Generative AI can easily remove backscatter, including on these detailed areas, in just a few clicks. In my tests, I noticed that it did regenerate the areas of detail, but usually in a manner that wouldn’t be noticeable to most people, especially when viewing in a small format on a screen. Wow!

Related Reading: A Guide to Choosing Lenses for Your Underwater Camera

Example of using Adobe Generative Fill by extending an underwater image

Extending an underwater image using Adobe Generative Fill

Brent Durand

Extending an Image

Extending an image using Generative Fill is very impressive. The AI creates a new portion of the image based on the existing scene and the prompt you provide.

In my first tests, the AI does a decent job extending the scenes provided the subject matter is simple; think a blue/green reef or a field of hard coral. I tested image extension to change original photo aspect ratios to fit social media (e.g. changing 3:2 to 4:5) and also to create a long Testing Generative Fill with Underwater Photos.

Savvy graphic designers have extended underwater photos manually for years. However, they were limited in how much area they could clone while still looking natural. The new Generative Fill allows just about anyone to create realistic results that are easily passable on social media or for small web use.

AI and the Future of Underwater Photography

Photo editing has long caused debate among photographers. Is it cheating, or is it part of the art? Should a photograph only represent what was captured in the camera, or can it be modified during post-processing to help achieve the photographer’s vision when creating the image? Keep in mind that even Ansel Adams used dodge and burn techniques in his darkroom.

Adobe’s AI tools are making heavy photo modification easy for photo editors of all levels. We’re already mixing reality with AI in social media posts. Photographers have been known to use AI to win major photo contests before revealing their secret.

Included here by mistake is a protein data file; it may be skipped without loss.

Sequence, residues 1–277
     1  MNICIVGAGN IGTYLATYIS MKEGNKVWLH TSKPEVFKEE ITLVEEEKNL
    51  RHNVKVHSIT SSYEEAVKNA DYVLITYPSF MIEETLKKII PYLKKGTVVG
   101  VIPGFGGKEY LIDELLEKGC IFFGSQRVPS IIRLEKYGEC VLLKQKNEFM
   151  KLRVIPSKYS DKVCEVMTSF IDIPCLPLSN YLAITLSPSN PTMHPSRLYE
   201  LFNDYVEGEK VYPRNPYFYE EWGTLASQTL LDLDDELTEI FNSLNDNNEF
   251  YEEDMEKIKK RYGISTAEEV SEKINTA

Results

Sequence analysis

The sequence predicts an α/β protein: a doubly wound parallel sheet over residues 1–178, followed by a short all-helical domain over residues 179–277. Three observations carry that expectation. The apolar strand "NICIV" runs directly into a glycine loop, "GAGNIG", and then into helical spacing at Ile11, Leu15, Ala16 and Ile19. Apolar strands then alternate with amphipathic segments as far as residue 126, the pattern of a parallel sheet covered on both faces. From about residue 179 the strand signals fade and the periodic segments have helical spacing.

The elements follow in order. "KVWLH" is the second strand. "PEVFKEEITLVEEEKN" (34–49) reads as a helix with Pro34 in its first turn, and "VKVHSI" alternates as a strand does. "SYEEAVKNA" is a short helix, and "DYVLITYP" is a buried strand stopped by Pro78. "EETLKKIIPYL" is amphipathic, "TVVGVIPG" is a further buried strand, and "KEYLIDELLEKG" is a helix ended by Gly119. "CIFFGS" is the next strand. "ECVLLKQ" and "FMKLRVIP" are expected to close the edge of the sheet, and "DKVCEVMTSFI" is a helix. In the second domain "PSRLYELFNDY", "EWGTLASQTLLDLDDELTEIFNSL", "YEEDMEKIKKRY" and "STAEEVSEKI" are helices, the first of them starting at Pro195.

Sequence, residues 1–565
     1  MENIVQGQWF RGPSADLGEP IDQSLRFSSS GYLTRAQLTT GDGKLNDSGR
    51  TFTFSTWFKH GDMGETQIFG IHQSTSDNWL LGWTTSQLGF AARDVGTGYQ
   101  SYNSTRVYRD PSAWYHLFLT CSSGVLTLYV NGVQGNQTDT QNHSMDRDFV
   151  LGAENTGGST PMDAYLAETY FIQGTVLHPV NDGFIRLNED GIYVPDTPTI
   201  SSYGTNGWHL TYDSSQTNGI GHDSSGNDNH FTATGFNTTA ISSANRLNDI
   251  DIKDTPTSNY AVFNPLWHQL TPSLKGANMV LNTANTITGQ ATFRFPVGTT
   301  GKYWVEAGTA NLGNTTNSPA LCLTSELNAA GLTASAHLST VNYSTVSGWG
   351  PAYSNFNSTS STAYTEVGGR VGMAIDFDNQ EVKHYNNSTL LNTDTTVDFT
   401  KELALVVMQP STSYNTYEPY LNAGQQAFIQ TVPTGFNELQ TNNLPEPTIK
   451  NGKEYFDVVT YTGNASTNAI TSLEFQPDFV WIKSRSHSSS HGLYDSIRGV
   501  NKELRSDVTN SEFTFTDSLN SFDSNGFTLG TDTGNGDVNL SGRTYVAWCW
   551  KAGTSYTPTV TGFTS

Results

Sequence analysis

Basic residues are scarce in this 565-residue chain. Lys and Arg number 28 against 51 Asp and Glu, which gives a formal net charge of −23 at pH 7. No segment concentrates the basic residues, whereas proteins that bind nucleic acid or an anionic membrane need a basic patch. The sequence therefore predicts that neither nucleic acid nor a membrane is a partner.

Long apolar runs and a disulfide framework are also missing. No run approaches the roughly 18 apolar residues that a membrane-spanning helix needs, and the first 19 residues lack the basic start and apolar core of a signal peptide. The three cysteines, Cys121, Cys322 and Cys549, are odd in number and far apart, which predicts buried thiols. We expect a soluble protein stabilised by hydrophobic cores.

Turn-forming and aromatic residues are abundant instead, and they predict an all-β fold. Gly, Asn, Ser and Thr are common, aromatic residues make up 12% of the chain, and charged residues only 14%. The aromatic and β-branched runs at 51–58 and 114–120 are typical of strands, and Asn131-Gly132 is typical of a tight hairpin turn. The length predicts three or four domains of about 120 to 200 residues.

An AI-generated image of a sea lion scuba diving in kelp forest

Although some AI-generated photos are nearly realistic, this image of a sea lion diver, though amusing to see, is far from realistic.

AI image created by Candice Landau in Midjourney

Everyone will have an opinion. Personally, I think that photography will continue to divide into people who enjoy the act of shooting photos and those who create art using a combination of photography and AI post-processing.

Professional photographers have a day of reckoning coming as well, whether they shoot fashion, sports or natural history. Fashion will likely be the first to go the way of AI. Sports are tough to make up, but with AI and incredible autofocus technology, an automated camera on a tripod might one day replace the sports photographer. Natural history will likely hold out longer as AI simply doesn’t have the reference material to create scenes that we as humans rarely see, much less photograph.

My concern is that as sensationalized images become more commonplace, we run the risk of making scuba diving in real life boring to kids who expect these AI-generated experiences. It’s our job as divers today to celebrate the incredible technology at our fingertips but to also put the phones down, breathe deep, put on our masks, and giant stride into the deep blue ocean.